Summer is right around the corner. I can feel it! And when I think about what’s to come, I smell freshly baked blueberry cake! I know that seems really silly, but it brings me to my favorite summer activity: vacationing in Maine with my family and eating blueberry cake.
When I was a little girl, I would visit my grandfather in Maine every summer. We always spent a week as a family, but sometimes I would go up for an extra week or two to spend time with him or babysit other family member’s children.
The drive to his house in Maine is eight long hours, but once you get there, you fully escape into the salt air, warm sun, ocean waves, and fresh blueberries! It’s an escape from reality, one that I have come to crave over the years!
So, back to the blueberries. Sometimes we would pick the blueberries in the wild, and sometimes we would buy them at the local general store. Either way, we used them for the blueberry cake that was always sitting on the kitchen counter. When I was really young, my grandfather would make the cake with me; it was a special thing we did together. As I got older, he would stand close by and oversee the process.
Towards the end of his life, he would sit in his “spot” at the kitchen table, watching me make it for him. This cake recipe evolved into so much more than flour, sugar, and eggs. It is a family tradition that runs deep.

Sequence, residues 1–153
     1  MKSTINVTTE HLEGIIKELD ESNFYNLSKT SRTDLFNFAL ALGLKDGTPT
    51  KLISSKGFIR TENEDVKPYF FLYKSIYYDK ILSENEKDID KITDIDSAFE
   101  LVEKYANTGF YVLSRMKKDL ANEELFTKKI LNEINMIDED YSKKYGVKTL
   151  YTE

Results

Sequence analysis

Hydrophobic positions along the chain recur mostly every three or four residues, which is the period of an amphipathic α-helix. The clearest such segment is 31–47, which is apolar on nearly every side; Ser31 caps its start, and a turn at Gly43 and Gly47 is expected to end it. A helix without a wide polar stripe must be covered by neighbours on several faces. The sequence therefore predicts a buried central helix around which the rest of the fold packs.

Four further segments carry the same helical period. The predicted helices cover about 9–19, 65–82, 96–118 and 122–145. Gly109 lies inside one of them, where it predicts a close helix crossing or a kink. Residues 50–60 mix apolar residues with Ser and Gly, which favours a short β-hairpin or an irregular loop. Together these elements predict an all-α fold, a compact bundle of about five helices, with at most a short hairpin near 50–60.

The ingredients and directions are written in chicken scratch on a tattered sheet of faded paper that has been kept safe in a cookbook since my great-great-grandmother (and maybe even older relatives) made it. My aunts, uncles, and cousins have re-written it and posted it all around the kitchen for easy access. This cake has become a universal language between us all.
We still have room to dig into the cake after the meal together when we are all stuffed with lobster and Cape Cod potato chips! When we’ve had one too many Rumbly Rocks (a delicious summer drink), we lean around the center island in the kitchen (multiple forks at a time) and use the cake to sober us up. And in the morning, over coffee, as we hear the lobster boats coming in from their morning work, we indulge in what is left from the night before (which usually is not much)!